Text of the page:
In Malaysia, we met many gay locals, really excited to show us round. However, they asked us to not use their name on our blog for fear of negative implications on their work and by their society.
Yet the hotels we worked with throughout Malaysia were delighted to embrace and welcome us as a gay couple and promote pink tourism, like The Four Seasons on Langkawi island who arranged this lovers ritual ceremony for us:
Tourism is big business, so foreigners will always be given special treatment despite the homophobic laws.
The only exception is Brunei: a tiny country on Borneo island, which is financially independent, funded by oil, so no interest in tourism. And also the autonomous Aceh province in North Indonesia. In both Brunei and Aceh, extreme Sharia Law applies, so both gay locals and LGBTQ tourists risk some form of public whipping and/or death by stoning.
3. Despite anti-gay laws, it IS ethical to spend money in these countries
Is it ethical to spend money in countries which criminalise their LGBT communities?
We say a big fat yes of course!
We have been criticised for promoting LGBT travel to countries like the Russia, Maldives, Malaysia, Sri Lanka etc, but we always question the true value of a blanket ban on gay tourists visiting such countries.
The money you spend on holiday mainly goes to the local businesses you are eating at, staying at or touring with.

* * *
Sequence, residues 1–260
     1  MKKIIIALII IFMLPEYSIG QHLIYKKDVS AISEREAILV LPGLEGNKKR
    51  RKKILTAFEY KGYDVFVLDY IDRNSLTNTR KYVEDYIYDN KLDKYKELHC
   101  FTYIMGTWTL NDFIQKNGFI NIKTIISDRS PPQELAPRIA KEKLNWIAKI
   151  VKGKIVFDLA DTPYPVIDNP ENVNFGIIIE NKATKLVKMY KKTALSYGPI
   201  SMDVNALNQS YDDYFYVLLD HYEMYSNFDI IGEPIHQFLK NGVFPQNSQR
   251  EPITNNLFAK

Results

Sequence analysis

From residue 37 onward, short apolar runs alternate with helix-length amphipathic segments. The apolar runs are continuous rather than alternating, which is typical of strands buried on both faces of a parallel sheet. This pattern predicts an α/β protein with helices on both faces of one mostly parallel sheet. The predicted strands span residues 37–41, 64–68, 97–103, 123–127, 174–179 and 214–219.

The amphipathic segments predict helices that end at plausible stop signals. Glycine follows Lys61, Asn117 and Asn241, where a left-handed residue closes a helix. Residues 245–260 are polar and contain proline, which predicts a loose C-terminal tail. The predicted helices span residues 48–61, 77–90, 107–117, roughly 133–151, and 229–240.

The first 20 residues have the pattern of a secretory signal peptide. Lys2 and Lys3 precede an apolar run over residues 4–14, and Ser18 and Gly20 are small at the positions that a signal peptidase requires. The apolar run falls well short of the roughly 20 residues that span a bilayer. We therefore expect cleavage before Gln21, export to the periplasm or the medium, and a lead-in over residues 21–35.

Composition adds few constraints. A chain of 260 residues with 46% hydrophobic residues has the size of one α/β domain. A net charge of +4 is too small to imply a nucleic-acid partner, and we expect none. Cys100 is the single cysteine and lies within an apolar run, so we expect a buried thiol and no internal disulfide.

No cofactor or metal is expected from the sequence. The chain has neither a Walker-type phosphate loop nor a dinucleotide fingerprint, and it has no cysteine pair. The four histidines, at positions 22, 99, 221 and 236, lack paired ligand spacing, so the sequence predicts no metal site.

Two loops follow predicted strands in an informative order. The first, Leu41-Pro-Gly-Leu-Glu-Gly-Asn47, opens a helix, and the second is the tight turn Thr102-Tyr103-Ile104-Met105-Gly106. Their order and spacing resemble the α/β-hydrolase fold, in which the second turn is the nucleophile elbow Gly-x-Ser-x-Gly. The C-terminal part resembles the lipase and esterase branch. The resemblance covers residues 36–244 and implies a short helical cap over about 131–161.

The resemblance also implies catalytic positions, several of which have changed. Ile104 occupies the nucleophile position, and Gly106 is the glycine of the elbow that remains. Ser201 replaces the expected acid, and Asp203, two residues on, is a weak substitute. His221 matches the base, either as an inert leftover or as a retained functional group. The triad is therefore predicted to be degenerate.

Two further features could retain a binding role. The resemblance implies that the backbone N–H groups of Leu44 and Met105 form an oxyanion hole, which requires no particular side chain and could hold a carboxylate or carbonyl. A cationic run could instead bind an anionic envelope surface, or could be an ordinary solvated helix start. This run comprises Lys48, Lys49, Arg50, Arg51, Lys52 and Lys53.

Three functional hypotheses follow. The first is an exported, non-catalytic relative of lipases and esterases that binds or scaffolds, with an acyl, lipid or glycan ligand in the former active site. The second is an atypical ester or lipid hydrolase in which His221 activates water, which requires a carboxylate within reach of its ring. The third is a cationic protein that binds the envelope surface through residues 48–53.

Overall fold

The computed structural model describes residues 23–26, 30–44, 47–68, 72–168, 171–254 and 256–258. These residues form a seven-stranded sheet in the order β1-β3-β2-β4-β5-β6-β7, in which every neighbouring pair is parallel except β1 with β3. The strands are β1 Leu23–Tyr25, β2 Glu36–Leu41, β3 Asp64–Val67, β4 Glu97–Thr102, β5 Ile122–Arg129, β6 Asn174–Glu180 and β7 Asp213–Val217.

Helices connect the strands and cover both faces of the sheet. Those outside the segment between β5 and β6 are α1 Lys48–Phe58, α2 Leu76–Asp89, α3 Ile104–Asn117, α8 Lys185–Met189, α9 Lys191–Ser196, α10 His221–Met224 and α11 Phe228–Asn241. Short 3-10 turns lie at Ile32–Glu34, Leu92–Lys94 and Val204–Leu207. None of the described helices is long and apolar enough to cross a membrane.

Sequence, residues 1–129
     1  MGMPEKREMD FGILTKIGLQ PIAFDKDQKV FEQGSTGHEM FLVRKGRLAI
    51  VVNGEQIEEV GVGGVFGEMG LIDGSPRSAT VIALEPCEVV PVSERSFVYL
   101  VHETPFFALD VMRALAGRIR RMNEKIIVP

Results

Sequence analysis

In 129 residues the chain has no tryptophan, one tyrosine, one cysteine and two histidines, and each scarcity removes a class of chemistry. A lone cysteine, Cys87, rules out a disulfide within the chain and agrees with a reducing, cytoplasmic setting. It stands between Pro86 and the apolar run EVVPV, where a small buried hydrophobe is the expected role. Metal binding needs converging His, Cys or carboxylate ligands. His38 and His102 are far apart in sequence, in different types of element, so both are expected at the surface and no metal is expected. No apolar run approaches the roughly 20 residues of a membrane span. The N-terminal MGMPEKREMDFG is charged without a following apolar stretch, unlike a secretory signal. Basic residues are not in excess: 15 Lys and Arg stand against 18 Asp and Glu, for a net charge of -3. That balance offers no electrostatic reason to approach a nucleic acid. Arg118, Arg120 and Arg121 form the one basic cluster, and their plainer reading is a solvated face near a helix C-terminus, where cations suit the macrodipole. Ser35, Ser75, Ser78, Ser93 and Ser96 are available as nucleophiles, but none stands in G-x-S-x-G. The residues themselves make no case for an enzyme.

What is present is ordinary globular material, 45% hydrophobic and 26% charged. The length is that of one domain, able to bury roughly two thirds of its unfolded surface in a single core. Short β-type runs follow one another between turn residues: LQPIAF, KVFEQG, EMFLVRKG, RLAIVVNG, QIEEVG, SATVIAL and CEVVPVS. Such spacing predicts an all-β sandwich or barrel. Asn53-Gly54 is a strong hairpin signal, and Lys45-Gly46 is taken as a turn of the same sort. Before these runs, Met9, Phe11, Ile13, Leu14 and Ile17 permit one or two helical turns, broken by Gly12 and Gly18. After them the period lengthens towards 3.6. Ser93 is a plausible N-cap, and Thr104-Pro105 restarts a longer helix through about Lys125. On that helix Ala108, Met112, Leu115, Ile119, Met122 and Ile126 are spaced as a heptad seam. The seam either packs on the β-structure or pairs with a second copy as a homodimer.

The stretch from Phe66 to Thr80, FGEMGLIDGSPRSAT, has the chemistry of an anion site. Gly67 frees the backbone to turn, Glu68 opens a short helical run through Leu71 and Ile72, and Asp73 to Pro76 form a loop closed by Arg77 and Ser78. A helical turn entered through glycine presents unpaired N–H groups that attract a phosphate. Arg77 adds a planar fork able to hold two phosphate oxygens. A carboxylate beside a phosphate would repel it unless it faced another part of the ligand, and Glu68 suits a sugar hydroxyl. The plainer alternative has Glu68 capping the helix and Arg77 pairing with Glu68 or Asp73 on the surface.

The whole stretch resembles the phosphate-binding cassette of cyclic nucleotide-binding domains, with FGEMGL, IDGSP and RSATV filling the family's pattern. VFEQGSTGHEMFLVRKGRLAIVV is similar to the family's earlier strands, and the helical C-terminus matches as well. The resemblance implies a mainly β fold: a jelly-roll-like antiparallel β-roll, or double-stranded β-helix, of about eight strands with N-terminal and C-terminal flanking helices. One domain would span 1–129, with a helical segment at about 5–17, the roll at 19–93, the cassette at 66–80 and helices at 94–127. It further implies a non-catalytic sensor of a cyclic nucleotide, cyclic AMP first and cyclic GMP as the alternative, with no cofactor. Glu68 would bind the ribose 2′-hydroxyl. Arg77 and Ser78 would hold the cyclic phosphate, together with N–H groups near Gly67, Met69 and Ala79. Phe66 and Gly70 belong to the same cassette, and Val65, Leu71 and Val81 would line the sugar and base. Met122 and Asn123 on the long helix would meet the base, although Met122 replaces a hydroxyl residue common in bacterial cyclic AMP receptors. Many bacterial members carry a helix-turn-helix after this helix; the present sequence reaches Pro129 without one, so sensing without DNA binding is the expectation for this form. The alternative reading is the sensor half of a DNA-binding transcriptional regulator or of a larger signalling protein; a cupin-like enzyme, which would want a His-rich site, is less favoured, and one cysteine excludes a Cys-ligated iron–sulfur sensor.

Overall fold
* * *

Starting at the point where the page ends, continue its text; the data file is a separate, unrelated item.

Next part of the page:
In other words, the people benefiting are every day people like you and me (maybe straight, maybe gay), who simply want to make a living for themselves, and not the politicians who are creating and promoting anti gay laws.
In most cases, these local businesses probably don’t even agree or care for these laws.
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Most importantly of all, if you visit a gay owned or gay friendly establishment during your travels, your money helps them flourish in a society, which is likely to be fighting to close them down or make their lives difficult.
Your presence there is invaluable in supporting the local LGBT community and businesses, as well as helping them flourish. We wrote more about this in our articles exploring whether Russia is safe for gay travellers, as well as why India is safe for gay travellers.
And finally, we strongly believe that meeting and engaging with gay locals is far more productive then refusing to visit their country in the first place.
4. So go on and book your flight to Yangon, Male, Colombo etc
We strongly believe boycotting a country like Malaysia, Myanmar, the Maldives, Sri Lanka etc is counter productive.
Actually going out there and supporting LGBTQ owned businesses and making friends and interacting with the local LGBTQ community is far more effective than boycotting their country.
Imagine you were in their shoes, would you prefer your gay sisters abroad to ignore you, or come over and embrace and support you?
We sure know what we'd choose.
And you'll make heaps of friends along the way!
Happy travels are safe travels
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Need More Gay Travel Inspiration?
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For more inspiration:
- read why we think India is safe for gay tourists
- our UAE report: is Dubai safe for gay travellers as well as is Abu Dhabi safe for gay travellers?
- check out our Huffington Post article about 5 reasons gay couples should travel to Asia
- which are the most gay friendly countries in the world?